2. First Programs

Expressions, Primary and Compound, and Parentheses

Round brackets, also called parentheses, can be used to group expressions:

    cout << (3 + (28-2)*5)*2;

Should we carry out this statement, we will get the following result:



Before you get any ideas, we should warn you that it is not allowed in C++ to use square brackets to group expressions. It is also not allowed to use curly brackets, also called braces, to group expressions. For example;

cout << [3 +(28-2)*5]*2;  // INCORRECT

Let's now explain the structure of expressions. The simplest kind of an expression is a literal expression. A literal expression is the one stating its value literally. No computation is required to figure out the value of a literal expression.[*]

For example, number 5 is an expression by itself and it is a literal expression. Its value equals 5, obviously. Here is an example:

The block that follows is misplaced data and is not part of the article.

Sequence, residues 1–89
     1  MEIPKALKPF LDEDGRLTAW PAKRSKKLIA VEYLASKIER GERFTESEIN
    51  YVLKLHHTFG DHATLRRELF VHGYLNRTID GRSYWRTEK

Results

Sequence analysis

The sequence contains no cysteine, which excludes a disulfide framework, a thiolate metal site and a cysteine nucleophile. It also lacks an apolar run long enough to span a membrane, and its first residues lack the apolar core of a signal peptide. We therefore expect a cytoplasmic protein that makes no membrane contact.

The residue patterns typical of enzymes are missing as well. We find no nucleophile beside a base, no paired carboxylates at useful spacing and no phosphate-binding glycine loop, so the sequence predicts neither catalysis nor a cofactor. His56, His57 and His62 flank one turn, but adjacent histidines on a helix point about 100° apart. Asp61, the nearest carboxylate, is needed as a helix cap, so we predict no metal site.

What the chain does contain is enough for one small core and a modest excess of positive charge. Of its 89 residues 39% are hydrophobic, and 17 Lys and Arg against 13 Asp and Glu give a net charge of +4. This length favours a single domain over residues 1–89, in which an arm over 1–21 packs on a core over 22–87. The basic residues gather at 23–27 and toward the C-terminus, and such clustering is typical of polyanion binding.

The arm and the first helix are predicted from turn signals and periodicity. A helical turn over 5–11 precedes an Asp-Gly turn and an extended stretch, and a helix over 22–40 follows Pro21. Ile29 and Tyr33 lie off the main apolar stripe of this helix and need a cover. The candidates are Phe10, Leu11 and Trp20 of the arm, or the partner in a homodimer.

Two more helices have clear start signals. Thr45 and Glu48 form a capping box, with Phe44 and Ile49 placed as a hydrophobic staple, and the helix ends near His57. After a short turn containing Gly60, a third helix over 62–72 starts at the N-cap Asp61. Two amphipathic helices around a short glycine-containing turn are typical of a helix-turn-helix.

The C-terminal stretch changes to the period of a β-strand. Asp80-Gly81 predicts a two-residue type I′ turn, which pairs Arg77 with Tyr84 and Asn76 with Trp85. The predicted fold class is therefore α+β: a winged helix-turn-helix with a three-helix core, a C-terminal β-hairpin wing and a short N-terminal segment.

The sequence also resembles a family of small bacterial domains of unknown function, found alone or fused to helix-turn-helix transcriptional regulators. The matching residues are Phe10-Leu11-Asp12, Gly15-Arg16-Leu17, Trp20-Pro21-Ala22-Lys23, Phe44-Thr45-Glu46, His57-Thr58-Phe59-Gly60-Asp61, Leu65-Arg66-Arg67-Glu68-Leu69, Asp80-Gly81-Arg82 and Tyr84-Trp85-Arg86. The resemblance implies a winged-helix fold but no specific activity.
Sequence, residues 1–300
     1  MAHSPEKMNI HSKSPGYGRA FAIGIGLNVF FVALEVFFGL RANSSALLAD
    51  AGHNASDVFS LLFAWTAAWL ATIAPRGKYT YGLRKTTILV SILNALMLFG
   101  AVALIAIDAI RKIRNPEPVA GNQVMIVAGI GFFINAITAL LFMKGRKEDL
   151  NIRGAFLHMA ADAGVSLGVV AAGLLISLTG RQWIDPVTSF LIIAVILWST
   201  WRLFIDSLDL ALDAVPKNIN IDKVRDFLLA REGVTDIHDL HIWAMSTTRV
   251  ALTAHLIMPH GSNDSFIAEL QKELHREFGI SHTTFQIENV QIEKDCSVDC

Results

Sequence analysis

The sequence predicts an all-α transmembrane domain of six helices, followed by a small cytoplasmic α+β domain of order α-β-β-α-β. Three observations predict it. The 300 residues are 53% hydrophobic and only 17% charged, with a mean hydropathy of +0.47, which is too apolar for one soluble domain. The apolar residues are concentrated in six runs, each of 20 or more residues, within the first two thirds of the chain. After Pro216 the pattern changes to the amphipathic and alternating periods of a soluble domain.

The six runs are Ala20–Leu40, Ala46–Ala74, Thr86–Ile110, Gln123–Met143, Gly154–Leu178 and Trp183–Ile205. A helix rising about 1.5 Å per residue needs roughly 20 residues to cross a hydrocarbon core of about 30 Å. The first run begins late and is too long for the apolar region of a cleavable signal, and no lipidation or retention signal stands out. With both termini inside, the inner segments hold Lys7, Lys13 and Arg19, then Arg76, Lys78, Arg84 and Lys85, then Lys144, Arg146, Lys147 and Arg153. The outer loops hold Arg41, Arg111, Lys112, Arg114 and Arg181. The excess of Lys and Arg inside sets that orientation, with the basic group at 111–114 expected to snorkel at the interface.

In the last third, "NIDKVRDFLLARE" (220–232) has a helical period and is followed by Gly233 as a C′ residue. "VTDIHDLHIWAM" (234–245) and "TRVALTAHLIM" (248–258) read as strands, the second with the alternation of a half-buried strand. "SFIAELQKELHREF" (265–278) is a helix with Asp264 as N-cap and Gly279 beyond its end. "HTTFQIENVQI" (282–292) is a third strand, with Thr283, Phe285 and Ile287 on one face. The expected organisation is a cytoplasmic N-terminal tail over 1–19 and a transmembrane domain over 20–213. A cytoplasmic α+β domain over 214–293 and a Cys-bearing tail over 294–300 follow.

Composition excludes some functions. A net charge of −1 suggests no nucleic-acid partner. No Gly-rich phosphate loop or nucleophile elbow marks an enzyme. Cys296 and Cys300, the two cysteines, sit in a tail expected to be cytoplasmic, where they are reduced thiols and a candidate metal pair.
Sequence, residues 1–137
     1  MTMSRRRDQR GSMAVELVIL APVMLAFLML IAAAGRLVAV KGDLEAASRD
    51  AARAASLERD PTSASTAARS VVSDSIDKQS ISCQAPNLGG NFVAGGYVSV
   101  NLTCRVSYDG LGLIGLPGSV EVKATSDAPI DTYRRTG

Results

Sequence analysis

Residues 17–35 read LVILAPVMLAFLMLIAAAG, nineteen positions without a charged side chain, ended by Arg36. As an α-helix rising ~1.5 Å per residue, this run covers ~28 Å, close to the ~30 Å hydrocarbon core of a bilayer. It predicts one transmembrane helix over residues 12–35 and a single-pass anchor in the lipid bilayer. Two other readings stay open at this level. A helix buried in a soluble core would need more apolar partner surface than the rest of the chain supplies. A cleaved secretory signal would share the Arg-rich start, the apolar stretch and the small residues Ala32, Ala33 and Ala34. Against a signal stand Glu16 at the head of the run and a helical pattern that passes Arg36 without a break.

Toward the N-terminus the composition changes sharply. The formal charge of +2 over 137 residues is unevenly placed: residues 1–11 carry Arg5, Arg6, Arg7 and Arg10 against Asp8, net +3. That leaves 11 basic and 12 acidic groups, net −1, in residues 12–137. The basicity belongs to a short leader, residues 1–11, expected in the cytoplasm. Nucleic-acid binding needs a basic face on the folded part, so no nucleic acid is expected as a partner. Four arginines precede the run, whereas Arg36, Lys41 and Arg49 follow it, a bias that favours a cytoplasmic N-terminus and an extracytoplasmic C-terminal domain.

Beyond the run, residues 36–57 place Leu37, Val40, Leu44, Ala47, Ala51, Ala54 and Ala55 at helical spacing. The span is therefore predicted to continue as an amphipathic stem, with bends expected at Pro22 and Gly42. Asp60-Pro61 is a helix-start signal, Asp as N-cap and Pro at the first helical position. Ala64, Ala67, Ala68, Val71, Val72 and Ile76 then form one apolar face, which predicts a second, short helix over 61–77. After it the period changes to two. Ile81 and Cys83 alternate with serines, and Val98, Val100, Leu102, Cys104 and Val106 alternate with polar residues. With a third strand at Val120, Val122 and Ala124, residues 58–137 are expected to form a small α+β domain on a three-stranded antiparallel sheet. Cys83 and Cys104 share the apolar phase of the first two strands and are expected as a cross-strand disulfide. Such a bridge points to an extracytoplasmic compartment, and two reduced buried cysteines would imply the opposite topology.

int main()
    cout << "This number is a literal expression: " << 24 << endl;

    cout << "This string is a literal expression, too!" << endl;

It results in:


This number is a literal expression: 24
This string is a literal expression, too!

As the example says, strings are literal expressions, because the value of a string is literally stated between the quotation marks.

Literals are one kind of primary expressions. An expression is either a primary expression or a compound expression. Compound expressions are created by combining other expressions, or by modifying other expressions with operators. For example, the expression 5 + 2*6 is a compound expression. It is made of the literal expression 5, the operator + and the compound expression 2*6. In turn, the compound expression 2*6 is made of the literal expression 2, the multiplication operator and the literal expression 6.